Rep. Joe Barton (R-TX) — who famously apologized to BP after the disastrous spill in the Gulf — now thinks that the term “Big Oil” is mean to the oil industry. Yesterday, executives from the Big Five oil companies testified before the Senate Finance Committee to defend their taxpayer funded subsidies in an often contentious hearing. In defense of the Big Oil executives, Barton told a C-SPAN interviewer that the media shouldn’t use the phrase “Big Oil” because it’s “upsetting”:
First of all, I don’t think it should be a pejorative. We’ve got this mentality on the liberal side of our political debate: Big Oil, Big Insurance, big this, big that. We compete in a global economy, and the biggest company, Exxon Mobil, is only the fifth largest oil company overall, because the other four are run by governments. It should be something of a badge of honor that we still have companies that can compete internationally. It’s a little upsetting that we try at the beginning to make it a pejorative.
Contrary to Barton’s statement, “big” is an undeniably understated way to describe the industry – from its profits, to its campaign contributions and even its mistakes. For eight years in a row, Exxon Mobil was listed by Fortune 500 as the most profitable company in America. Combined, the Big Five Oil companies raked in over $32 billion in profits in just the first three months in 2011. The Big Five oil companies make more than one trillion dollars in revenues every year. And over the past decade, those same Big Five oil companies made a combined $900 billion. Since 1990, the oil and gas industry has spent more $270 million in congressional campaign contributions, and in 2010 alone, spent $145 million on lobbying.
Perhaps the only thing that’s not big about Big Oil is its tax rate. A Center for American Progress analysis revealed that from 2008–2010, ExxonMobil’s effective federal tax rate came in at 17.6 percent, less than the average American’s federal rate in 2007. Yesterday, the Washington Post reported that an ExxonMobil spokesman“conceded that the company had a net federal income tax credit of $156 million in 2009.” Yet the American taxpayers subsidize these companies with $4 billion in tax breaks every year.
It’s no surprise Barton took issue with the hearing yesterday. Back in March, he defended taxpayer handouts to Big Oil, arguing that “if you put so many disincentives against any U.S. manufacturing or production company, or oil and gas exploration company, they’ll go out of business.” And the Texas Republican has received over $1.5 million in campaign contributions over the course of his career from Big OIl, his top contributor.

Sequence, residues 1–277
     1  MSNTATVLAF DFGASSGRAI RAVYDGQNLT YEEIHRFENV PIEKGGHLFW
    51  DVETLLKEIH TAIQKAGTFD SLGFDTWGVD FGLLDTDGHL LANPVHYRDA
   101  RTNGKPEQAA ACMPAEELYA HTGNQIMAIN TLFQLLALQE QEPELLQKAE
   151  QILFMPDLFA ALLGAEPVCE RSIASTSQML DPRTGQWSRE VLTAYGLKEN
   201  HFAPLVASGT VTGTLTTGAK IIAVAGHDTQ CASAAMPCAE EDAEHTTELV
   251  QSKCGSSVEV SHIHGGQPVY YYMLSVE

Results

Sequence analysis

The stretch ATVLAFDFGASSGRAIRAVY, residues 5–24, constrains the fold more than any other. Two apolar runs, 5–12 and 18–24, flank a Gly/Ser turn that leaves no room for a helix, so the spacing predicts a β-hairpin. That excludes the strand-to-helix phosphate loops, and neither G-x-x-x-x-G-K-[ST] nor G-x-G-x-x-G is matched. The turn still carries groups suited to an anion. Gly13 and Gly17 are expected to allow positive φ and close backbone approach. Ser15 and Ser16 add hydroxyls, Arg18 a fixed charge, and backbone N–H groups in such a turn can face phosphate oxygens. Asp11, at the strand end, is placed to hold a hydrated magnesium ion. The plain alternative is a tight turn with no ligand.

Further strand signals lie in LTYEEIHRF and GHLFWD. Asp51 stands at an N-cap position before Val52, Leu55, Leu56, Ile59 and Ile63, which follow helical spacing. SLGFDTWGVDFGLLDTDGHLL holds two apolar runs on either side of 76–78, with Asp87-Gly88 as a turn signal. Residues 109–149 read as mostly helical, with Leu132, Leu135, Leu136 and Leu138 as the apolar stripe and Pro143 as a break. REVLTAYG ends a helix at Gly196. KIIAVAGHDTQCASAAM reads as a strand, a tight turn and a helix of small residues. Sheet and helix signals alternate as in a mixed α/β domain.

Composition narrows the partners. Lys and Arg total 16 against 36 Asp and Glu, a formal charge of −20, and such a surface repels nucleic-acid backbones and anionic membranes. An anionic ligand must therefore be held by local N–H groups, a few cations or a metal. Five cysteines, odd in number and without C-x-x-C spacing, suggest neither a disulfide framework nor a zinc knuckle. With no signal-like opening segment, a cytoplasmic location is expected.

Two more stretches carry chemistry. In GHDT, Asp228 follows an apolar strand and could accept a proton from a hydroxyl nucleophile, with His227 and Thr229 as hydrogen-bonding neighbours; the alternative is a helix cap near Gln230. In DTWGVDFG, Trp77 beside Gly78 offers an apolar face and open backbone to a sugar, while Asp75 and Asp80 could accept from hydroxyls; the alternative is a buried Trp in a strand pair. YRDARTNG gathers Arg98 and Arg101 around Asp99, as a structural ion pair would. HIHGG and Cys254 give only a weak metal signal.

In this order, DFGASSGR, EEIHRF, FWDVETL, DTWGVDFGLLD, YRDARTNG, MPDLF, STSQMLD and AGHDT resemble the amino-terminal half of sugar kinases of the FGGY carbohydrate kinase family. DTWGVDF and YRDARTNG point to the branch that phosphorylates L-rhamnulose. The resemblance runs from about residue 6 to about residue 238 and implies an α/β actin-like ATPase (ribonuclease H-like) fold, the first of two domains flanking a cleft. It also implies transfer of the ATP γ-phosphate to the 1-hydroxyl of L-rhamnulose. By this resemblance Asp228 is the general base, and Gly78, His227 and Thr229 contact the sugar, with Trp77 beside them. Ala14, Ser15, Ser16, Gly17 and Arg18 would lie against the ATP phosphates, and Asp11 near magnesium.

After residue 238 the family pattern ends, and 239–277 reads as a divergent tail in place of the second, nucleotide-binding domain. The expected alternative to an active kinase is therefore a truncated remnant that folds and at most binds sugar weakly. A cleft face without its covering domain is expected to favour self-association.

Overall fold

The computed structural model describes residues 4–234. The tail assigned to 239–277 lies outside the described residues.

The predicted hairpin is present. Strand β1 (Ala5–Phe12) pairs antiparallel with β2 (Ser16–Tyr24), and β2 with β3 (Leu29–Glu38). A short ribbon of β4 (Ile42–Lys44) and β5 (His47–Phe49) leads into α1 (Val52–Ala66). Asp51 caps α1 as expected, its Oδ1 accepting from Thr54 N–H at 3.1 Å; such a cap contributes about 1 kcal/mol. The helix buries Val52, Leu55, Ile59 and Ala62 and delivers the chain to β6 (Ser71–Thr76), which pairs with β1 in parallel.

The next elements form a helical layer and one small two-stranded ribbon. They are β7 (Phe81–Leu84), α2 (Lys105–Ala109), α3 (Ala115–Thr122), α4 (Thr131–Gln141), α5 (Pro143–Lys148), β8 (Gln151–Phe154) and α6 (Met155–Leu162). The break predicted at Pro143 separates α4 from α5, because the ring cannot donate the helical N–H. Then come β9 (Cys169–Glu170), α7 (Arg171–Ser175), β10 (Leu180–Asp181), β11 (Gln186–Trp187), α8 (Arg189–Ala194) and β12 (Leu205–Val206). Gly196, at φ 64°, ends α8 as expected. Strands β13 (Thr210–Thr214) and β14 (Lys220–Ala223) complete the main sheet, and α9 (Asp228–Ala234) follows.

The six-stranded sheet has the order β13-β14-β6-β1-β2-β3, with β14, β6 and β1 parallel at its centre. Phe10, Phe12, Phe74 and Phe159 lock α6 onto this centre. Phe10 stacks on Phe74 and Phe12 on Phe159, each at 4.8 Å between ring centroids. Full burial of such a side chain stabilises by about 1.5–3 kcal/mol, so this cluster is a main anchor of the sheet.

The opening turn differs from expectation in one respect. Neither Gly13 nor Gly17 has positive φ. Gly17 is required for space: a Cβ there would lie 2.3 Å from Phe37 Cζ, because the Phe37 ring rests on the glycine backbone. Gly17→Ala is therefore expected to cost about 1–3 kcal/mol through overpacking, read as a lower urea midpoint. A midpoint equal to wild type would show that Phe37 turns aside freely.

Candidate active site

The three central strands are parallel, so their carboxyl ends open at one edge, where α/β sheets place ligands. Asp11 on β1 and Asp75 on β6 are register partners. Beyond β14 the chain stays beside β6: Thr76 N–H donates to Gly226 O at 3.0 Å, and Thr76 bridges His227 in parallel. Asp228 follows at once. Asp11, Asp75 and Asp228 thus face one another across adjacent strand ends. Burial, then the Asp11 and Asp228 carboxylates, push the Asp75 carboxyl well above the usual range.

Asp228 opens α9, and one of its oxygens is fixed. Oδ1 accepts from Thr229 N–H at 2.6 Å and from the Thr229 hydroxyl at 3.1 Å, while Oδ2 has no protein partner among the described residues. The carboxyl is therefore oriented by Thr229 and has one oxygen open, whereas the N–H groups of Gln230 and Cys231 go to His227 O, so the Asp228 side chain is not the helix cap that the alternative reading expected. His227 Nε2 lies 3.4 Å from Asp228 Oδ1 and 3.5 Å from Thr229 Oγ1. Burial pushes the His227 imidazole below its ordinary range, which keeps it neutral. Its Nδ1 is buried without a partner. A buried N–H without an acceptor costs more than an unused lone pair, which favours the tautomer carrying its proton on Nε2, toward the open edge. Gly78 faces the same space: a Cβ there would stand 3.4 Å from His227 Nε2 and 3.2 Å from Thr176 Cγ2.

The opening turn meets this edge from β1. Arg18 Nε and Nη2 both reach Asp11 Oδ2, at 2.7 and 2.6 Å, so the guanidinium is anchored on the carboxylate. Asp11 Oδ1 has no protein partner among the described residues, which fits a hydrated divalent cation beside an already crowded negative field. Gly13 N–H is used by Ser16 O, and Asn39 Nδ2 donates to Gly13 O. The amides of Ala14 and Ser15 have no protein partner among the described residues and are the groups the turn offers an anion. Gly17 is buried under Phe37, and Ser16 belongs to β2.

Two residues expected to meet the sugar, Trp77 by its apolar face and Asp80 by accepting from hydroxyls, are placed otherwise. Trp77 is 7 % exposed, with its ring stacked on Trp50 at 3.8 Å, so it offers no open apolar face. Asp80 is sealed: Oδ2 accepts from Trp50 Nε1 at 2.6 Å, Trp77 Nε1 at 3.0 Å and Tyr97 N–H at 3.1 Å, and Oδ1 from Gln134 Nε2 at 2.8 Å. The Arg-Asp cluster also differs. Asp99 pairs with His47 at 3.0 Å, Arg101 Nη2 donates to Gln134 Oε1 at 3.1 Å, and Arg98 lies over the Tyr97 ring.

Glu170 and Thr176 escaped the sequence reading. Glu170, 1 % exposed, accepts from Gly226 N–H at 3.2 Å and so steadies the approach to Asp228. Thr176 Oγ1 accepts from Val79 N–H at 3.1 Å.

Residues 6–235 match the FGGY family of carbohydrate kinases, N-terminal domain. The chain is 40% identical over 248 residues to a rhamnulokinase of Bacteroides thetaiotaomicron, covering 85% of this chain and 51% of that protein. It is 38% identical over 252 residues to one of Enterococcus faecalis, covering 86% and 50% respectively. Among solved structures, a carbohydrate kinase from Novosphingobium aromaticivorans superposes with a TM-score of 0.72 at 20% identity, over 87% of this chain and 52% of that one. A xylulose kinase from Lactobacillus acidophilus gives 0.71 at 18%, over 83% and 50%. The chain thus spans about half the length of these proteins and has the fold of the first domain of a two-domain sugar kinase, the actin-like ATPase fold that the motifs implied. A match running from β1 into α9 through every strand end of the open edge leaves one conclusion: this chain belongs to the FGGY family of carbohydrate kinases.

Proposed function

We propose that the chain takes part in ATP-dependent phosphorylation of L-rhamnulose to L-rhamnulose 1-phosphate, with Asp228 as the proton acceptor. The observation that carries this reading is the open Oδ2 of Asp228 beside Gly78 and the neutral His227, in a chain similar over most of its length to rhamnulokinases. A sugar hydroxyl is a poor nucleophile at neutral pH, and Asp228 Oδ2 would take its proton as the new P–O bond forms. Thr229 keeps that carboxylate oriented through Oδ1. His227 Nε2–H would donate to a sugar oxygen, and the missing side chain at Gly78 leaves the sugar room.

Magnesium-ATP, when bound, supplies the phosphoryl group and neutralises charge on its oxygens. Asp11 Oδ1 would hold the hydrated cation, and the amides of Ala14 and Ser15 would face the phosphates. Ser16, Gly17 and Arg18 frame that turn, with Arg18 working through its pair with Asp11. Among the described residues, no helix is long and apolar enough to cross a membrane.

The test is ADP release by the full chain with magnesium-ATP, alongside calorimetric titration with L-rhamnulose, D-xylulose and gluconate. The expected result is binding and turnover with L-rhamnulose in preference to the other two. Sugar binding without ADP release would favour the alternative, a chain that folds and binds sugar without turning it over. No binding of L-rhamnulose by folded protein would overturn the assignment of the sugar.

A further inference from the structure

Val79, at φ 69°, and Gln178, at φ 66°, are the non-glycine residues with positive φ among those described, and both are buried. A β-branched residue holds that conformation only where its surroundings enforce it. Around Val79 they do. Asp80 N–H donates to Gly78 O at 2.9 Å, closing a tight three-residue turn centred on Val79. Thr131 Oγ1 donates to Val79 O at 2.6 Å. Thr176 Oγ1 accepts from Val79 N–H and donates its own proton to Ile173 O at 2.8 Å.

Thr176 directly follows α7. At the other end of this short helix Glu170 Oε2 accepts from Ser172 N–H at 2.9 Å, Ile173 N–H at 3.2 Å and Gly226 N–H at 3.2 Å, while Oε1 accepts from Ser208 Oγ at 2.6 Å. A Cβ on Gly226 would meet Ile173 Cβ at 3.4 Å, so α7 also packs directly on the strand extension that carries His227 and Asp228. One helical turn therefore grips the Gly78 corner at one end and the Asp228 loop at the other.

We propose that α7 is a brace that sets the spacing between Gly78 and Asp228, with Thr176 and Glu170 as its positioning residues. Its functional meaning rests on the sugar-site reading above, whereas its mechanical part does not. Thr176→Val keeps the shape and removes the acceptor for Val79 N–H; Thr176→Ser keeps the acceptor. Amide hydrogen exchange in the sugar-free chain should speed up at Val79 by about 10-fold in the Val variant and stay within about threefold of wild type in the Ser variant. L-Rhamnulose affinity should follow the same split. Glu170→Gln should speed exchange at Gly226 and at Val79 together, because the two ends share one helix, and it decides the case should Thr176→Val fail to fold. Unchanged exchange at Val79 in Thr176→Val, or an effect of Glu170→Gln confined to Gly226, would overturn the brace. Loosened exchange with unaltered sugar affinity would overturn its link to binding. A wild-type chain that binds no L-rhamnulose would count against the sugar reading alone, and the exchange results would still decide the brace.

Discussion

And for the record, Barton hasn’t been wary of using the incendiary three-letter word when describing his own line of business:
— The AP reported that Barton took issue with the 2010 first responders bill: “Republican critics branded the bill as a big-government program that would boost taxes and kill jobs. Rep. Joe Barton, R-Texas, called it a ‘new entitlement program that we simply cannot afford.’” [AP, 9/30/10]
— The Detroit Free Press reported in May 2010 that Barton opposed the Motor Vehicle Safety Act: “U.S. Rep. Joe Barton, R-Texas, said while he agreed with the idea behind several provisions, the details “take it far beyond a rational response to the Toyota recalls. This bill imposes more taxes, gives big government new unfettered authorities, and provides potentially crippling penalties on industry while providing questionable safety benefits,” Barton said. [Detroit Free Press, 5/7/10]
— “Ranking Minority Member of the Committee, Rep. Joe Barton (R-Tex.), thinks cap-and-trade ‘is a scheme devised by radical environmentalists and liberal politicians in Washington to get their big government hands in American’s wallet.’” [Foster Natural Gas Report, 4/3/09]
— “With Obama professing an aversion to a single-payer national plan, he said, ‘I haven’t been just a ‘heck no’ on this like we were under Hillarycare when they put their plan together in secret and it was a big government-run, single-payer system, take it or leave it.’” [The Dallas Morning News, 3/8/09]